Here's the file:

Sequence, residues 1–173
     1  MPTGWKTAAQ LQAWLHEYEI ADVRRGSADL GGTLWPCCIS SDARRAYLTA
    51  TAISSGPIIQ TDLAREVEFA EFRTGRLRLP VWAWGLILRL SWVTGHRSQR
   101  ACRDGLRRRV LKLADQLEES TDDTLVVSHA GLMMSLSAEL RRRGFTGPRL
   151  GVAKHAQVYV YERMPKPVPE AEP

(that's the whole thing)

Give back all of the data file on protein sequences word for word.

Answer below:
Sequence, residues 1–173
     1  MPTGWKTAAQ LQAWLHEYEI ADVRRGSADL GGTLWPCCIS SDARRAYLTA
    51  TAISSGPIIQ TDLAREVEFA EFRTGRLRLP VWAWGLILRL SWVTGHRSQR
   101  ACRDGLRRRV LKLADQLEES TDDTLVVSHA GLMMSLSAEL RRRGFTGPRL
   151  GVAKHAQVYV YERMPKPVPE AEP